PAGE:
When it comes to many illnesses, boys are the weaker sex by far.
The incidence of asthma, autism, childhood cancer, learning disabilities and behavioural disorders, among others, is higher in boys, sometimes startlingly so. Autism, for instance, almost seems like a male preserve, with boys outnumbering girls four to one.
Why boys appear to be more vulnerable to a host of ailments is a major scientific puzzle, but a new report says part of the reason may be that males are more sensitive to pollution and many hormone-like chemicals widely used in consumer products ranging from computers to plastic water bottles.
"The issue of male vulnerability to environmental hazards is an emerging area of scientific research," said the report by the Canadian Partnership for Children's Health and Environment, a group funded in part by Environment Canada and backed by a number of major public health and environmental organizations.
Although the report stressed that girls are more likely to develop some conditions, such as the birth defect spina bifida, it said for a number of increasingly common health problems "boys seem to be particularly at risk."
"We're conducting a vast experiment on our children with the way we let chemicals be used," said Kathleen Cooper, one of the report's authors and researcher at the Canadian Environmental Law Association. She said the experiment "appears to be harder on the boys."
One of the odder recent findings is that in many developing countries, boys are taking it on the chin even in something as basic as the number being born. In Canada, there was a decline of 2.2 males for every 1,000 live births between 1970 and 1990, the latest period for which statistics have been analyzed. The report said one theory for the drop is that hormone-disrupting chemicals are causing mortality in males during fetal development.
In recent decades, there has been a big increase in the use of chemicals that have been found to exhibit hormone-like properties, including flame retardants used in computers and furniture foam, phthalates used in personal care products and soft plastics, and bisphenol A, a plastic compound used in water bottles and the inside linings of beverage and food cans.
"Experimental studies, mainly in animals, have shown that it takes only a relatively small amount of exposure to these chemicals to disrupt normal hormone functioning," the report said. "People are exposed to these chemicals mainly through food and consumer products."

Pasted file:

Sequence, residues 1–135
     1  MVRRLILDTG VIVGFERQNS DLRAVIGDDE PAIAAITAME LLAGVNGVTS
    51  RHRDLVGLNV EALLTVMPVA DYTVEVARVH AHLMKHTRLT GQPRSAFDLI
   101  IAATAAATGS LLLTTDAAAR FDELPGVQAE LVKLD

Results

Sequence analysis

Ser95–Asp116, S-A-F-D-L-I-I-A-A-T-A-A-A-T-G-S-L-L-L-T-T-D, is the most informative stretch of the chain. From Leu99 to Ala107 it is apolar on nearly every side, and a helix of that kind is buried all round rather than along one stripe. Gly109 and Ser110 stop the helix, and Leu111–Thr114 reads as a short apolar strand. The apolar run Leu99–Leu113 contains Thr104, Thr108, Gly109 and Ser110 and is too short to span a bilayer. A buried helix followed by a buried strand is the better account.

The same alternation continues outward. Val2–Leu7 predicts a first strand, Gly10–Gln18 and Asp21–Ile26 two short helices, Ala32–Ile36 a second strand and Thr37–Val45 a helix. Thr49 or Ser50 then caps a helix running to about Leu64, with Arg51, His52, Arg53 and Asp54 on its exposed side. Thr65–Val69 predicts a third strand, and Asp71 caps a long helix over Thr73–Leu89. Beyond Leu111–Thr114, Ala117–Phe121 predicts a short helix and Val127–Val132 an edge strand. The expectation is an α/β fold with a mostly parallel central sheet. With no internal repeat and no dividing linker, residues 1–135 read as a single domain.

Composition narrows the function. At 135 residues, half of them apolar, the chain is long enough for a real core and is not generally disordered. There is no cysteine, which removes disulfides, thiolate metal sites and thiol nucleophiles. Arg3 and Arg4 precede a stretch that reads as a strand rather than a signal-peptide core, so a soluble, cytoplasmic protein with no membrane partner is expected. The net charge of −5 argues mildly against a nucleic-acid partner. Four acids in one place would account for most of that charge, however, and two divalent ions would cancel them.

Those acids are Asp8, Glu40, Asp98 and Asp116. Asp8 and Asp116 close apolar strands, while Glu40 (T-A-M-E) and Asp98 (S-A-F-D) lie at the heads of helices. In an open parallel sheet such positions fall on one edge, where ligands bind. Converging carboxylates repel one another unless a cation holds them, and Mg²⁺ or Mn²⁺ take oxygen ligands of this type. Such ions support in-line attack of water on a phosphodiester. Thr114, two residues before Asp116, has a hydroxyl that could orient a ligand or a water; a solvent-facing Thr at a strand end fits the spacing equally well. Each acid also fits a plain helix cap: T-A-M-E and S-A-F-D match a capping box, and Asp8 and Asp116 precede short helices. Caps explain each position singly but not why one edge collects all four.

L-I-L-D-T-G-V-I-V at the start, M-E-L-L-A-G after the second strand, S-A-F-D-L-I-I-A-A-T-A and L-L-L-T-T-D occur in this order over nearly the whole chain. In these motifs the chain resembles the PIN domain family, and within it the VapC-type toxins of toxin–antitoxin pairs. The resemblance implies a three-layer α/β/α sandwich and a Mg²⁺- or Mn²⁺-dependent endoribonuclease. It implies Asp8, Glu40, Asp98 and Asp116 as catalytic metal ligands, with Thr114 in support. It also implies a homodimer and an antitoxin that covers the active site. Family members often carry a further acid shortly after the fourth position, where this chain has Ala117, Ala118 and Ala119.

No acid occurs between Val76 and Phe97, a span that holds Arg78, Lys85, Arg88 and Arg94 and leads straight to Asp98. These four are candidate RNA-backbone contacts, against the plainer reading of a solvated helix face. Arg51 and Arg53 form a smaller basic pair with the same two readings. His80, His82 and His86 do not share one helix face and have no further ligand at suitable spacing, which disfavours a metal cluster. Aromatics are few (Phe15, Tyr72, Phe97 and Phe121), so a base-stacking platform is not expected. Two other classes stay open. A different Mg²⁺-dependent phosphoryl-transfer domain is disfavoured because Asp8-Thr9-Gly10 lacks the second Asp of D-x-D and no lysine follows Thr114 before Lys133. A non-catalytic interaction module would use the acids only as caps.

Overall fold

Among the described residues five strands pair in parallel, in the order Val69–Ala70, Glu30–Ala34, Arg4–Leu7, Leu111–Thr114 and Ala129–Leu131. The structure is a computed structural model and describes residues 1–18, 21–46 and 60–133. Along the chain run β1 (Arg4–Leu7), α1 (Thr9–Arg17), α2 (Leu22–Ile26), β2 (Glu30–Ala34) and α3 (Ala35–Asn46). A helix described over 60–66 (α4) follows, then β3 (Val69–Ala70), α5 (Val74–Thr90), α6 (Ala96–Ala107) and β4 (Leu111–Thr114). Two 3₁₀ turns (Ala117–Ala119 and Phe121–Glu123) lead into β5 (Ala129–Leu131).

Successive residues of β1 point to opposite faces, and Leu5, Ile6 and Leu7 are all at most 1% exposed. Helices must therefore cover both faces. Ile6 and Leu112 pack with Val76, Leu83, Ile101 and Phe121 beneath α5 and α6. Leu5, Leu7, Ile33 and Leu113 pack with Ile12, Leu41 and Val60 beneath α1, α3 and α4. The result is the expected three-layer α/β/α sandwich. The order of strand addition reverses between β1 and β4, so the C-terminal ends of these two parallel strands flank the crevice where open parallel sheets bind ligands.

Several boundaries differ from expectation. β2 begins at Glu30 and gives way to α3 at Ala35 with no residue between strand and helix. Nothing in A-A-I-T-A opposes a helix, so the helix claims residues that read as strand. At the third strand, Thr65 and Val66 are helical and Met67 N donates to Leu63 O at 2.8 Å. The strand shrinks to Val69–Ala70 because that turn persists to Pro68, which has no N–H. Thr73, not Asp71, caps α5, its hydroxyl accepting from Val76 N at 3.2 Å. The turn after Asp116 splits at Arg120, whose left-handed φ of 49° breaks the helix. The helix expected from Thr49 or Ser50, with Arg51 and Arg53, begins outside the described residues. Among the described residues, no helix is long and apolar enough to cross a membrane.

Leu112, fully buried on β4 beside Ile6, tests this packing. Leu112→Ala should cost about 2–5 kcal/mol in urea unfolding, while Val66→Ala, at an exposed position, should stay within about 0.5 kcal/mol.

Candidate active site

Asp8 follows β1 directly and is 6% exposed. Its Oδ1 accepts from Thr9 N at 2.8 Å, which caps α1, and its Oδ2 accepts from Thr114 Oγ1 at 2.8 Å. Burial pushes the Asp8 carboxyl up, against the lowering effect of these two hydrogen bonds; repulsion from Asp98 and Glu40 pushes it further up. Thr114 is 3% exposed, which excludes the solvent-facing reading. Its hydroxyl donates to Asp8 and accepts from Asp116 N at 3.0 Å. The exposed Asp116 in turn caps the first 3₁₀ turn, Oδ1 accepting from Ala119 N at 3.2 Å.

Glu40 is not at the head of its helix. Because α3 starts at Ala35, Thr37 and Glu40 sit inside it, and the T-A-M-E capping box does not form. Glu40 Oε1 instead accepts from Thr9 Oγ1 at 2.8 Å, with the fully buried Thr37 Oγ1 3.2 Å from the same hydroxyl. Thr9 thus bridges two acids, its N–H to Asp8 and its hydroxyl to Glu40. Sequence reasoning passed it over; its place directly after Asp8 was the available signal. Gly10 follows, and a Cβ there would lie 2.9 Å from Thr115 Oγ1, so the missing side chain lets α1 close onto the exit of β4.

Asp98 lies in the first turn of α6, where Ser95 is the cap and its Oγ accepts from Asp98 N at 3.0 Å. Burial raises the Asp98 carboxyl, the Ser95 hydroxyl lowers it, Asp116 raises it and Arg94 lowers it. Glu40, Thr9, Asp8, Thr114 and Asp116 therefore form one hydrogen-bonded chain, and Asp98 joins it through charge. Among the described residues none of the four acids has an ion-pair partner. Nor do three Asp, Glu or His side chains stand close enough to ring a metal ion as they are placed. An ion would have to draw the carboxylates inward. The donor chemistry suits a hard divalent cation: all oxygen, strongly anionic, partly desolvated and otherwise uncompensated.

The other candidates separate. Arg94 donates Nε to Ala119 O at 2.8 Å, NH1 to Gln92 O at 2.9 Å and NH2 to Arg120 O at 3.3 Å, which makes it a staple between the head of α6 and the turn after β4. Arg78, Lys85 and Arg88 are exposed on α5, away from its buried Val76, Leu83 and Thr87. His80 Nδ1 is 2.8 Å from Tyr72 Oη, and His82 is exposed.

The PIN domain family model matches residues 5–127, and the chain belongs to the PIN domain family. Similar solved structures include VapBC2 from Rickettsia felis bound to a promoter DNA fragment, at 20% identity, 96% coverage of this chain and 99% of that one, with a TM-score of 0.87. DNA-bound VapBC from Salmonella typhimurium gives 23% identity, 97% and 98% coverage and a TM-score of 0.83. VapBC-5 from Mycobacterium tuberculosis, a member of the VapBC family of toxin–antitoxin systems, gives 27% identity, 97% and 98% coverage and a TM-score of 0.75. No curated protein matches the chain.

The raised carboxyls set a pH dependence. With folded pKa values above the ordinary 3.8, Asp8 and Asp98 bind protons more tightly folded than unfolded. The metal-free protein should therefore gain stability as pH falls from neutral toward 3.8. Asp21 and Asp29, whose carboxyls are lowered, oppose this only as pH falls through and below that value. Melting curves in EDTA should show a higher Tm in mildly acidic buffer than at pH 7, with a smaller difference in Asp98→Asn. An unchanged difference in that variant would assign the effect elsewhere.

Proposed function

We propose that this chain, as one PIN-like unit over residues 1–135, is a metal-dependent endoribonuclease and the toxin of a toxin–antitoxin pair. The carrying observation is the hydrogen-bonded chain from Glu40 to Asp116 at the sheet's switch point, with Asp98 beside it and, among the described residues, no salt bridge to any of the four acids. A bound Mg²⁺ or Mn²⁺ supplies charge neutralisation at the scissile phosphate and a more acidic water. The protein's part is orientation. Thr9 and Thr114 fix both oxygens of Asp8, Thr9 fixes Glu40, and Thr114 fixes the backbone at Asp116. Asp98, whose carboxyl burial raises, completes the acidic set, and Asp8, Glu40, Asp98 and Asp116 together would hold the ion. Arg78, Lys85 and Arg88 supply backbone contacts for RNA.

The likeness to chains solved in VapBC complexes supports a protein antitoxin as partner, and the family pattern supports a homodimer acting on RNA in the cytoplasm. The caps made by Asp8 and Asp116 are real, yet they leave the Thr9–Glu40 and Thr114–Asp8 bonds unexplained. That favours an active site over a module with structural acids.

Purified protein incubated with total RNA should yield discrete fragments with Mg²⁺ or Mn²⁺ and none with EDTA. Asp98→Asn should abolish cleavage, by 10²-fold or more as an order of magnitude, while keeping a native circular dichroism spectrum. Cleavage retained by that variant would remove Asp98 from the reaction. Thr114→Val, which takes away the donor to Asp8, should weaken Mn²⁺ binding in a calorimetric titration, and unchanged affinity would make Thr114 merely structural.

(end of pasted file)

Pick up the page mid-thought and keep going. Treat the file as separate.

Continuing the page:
There has also been a puzzling increase in male genital tract defects, including undescended testicles, and hypospadias, a condition where the opening of the penis isn't on the tip, where it's supposed to be, but underneath.
These birth defects have been increasing across industrialized countries over the past three to four decades, coinciding with the period of increased use of hormone-like chemicals in consumer products, according to the report.
Developmental disabilities are also strikingly more common in boys. Besides autism, boys have a higher incidence of attention deficit hyperactivity disorder, learning disabilities, Tourette's syndrome, cerebral palsy, and dyslexia.
The report said there could be a genetic reason for these observations because there are a larger number of stem cell divisions during male fetal development, providing greater odds for something to go awry.
However, it said there are also about 200 substances researchers have found that are in commercial use and exhibit neurotoxicity, or the ability to damage developing brain and nervous system tissue. Among these are lead, mercury, dioxins, pesticides, solvents, and flame retardants.
Monday, June 18, 2007
Please help the children
I don't normally reproduce entire articles but in this case I feel I had no choice. I found it so appalling that I don't want you to do anything other than read it. Read it thoroughly and then read it again. Do what you can to eliminate these chemicals from your life. Then contact your political representatives and see what is being done to eliminated these products from the market so we can end the poisoning. This is from June 16, 2007 in the Globe and Mail.